This page contains a Flash digital edition of a book.
BUSINESS: Discover Your Personal


Brand and Message by Julia Pitkin of www.artisans-in-the-hills.co.uk


done from internet cafe and mobile. Her friends now know her for having fun, getting things done and her sociability. Within months Beth has created her personal brand at school and has a following of 350 friends on Facebook.


Beth is my 13½ year old daughter; she is daily creating a personal brand. Having moved to the area and a new school 18 months ago, Beth knew nobody. She worked hard finding a group of friends and positioning herself amongst them.


Recently, Beth arranged a cinema trip whilst away on holiday; contacting her new friends, deciding on the film, pickups and cost. This was all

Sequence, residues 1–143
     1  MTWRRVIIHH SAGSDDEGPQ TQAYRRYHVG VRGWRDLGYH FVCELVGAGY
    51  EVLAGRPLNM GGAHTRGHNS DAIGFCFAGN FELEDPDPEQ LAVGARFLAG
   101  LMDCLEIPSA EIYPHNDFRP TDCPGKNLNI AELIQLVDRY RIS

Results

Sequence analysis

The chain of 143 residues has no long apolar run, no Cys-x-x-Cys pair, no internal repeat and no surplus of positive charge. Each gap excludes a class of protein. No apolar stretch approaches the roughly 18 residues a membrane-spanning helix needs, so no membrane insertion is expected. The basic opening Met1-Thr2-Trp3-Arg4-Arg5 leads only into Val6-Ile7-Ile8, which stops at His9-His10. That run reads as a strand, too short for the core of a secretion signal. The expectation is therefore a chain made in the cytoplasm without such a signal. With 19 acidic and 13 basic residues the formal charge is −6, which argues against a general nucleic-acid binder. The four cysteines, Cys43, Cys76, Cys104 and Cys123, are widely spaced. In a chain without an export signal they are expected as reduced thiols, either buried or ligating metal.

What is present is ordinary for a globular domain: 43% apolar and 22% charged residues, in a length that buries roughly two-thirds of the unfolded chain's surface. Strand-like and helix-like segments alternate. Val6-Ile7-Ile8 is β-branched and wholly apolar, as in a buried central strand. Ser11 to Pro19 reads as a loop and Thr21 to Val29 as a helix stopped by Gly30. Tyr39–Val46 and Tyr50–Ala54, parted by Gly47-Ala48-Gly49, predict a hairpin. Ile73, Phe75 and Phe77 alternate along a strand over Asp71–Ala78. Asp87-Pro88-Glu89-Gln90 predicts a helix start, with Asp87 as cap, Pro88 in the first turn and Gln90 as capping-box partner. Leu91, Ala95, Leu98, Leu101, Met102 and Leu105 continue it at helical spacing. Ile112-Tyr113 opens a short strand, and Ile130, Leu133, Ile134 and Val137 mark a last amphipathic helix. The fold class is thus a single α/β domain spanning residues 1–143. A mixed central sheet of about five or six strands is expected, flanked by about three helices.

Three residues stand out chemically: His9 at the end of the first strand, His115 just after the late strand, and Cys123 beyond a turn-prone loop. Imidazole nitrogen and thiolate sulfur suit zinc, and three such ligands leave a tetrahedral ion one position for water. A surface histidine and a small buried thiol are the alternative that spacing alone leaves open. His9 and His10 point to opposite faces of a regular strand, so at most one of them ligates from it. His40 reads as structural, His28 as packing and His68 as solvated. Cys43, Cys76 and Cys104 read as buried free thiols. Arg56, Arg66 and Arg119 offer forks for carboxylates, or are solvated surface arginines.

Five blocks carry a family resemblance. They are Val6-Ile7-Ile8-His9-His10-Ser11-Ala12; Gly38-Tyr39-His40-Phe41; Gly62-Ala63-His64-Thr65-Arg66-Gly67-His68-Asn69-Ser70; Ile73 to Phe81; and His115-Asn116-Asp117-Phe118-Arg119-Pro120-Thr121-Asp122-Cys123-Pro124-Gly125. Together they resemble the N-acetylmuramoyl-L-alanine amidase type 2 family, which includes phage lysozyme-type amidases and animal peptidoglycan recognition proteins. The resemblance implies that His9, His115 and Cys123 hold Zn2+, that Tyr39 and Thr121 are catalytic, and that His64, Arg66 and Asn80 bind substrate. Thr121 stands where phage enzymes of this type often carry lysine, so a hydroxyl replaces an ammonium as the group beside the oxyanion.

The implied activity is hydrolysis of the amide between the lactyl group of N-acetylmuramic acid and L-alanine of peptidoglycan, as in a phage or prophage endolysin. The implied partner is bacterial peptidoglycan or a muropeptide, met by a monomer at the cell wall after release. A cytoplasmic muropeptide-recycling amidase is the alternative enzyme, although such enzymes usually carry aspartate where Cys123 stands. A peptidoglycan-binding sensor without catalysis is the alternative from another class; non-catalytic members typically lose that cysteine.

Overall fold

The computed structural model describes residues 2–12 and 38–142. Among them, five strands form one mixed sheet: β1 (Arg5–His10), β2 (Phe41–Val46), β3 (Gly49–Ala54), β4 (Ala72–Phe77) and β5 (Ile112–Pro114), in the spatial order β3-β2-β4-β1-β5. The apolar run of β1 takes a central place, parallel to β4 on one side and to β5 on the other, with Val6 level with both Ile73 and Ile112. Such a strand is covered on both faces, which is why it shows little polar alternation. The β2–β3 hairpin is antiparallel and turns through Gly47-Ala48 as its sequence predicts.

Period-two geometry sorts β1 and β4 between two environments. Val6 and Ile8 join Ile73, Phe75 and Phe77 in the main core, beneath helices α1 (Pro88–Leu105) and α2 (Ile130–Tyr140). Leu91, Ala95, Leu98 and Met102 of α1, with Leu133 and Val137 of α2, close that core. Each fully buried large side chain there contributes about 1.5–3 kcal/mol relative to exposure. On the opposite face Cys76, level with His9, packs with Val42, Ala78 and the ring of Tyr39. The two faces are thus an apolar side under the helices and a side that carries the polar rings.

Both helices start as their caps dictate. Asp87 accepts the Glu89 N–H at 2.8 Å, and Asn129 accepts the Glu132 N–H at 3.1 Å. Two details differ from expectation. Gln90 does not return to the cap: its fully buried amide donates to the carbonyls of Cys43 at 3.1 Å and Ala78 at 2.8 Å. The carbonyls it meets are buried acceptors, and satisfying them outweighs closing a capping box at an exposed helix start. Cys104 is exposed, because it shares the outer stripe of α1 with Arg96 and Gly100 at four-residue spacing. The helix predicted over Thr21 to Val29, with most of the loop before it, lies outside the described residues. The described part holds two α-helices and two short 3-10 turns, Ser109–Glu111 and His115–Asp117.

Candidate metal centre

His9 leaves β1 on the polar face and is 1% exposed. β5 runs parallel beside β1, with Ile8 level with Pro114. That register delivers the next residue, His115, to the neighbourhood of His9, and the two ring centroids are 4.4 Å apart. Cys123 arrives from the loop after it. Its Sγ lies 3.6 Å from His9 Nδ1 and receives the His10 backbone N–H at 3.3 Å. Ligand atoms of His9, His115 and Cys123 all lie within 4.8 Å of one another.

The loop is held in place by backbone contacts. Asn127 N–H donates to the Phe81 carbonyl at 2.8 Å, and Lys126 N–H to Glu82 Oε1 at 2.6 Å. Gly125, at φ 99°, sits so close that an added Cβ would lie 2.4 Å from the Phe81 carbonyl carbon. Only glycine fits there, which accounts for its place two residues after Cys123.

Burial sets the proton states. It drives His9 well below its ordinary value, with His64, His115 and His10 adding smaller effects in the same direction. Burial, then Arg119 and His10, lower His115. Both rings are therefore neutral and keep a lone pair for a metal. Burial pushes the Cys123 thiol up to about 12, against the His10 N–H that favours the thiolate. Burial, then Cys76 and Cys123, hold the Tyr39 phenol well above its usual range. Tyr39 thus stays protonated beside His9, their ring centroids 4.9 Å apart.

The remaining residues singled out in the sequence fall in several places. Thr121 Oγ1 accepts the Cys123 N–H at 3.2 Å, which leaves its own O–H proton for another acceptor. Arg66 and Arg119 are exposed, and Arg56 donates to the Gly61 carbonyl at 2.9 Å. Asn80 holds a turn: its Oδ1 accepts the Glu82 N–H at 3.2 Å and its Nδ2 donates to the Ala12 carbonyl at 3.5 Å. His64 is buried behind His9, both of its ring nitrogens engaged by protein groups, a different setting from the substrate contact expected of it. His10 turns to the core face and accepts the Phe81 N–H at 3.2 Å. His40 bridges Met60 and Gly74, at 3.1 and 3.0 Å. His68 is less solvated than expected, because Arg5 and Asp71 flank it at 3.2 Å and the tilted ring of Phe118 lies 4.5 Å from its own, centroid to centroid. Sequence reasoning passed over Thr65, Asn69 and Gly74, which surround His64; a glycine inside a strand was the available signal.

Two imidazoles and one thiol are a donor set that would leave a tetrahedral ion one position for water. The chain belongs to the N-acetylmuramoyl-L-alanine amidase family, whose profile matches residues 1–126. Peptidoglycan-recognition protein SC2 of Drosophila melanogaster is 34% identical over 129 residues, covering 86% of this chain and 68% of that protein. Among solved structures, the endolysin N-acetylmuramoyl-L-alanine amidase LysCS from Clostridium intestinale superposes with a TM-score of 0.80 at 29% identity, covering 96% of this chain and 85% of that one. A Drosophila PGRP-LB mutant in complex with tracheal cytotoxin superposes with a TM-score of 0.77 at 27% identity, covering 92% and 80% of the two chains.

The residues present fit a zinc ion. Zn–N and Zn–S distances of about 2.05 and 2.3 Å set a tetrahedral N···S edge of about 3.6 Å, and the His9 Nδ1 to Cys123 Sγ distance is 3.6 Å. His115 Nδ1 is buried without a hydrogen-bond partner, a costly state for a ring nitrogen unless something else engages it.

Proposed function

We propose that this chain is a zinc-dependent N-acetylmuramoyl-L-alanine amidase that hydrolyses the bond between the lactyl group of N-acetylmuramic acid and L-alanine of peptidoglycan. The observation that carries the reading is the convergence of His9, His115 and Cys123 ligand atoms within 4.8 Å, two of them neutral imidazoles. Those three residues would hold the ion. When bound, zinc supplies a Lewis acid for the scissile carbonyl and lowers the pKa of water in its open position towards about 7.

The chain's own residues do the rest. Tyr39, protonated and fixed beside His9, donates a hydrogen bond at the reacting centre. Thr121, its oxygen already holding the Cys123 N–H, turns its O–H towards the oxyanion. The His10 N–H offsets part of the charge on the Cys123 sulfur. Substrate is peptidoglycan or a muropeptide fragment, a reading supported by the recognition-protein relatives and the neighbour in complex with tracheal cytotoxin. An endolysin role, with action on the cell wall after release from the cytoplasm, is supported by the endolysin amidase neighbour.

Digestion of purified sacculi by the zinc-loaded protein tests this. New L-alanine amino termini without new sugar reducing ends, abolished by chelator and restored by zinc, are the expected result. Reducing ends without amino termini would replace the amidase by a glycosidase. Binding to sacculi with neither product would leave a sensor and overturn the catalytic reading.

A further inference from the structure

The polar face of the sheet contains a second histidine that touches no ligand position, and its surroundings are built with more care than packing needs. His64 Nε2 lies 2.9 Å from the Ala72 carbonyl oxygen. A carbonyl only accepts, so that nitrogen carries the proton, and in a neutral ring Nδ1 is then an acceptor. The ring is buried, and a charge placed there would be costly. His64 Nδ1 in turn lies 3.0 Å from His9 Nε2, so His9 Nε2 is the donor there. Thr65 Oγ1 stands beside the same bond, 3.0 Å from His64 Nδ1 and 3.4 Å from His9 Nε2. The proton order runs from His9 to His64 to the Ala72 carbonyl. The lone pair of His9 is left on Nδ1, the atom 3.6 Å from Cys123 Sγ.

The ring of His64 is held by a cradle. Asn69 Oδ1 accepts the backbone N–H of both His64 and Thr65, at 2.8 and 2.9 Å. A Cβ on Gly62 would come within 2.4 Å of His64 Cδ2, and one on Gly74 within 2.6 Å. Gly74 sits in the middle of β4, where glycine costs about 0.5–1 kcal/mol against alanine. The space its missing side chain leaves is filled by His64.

44 | ukhandmade | Summer 2011


Beth’s core needs that drove her behaviour are to belong and have companionship. Beth’s approach to the world is open, random and supportive. She calls it ‘being cool’, and ‘getting street cred.’ My business terms are ‘building brand equity’ and ‘social capital.’


We all have a brand within, know what it is, develop it and let it out.


A brand should capture attention, evoke an emotion and be memorable. Artists and Makers


are well equipped to meet all three elements.


Your personal brand


should communicate something unique about your work, about you, so that potential buyers learn to recognize your style and associate with it a delightful experience.


Step 1: Engage with your core needs and drivers.


As makers, our need for creativity is very much part of our well-being, so we often immerse ourselves into our work losing track of time. Tap into what drives your creativity, shape your experience into words and express them in your Maker’s Statement.


The statement is one of your best opportunities to engage your viewer with your work. Here are the core


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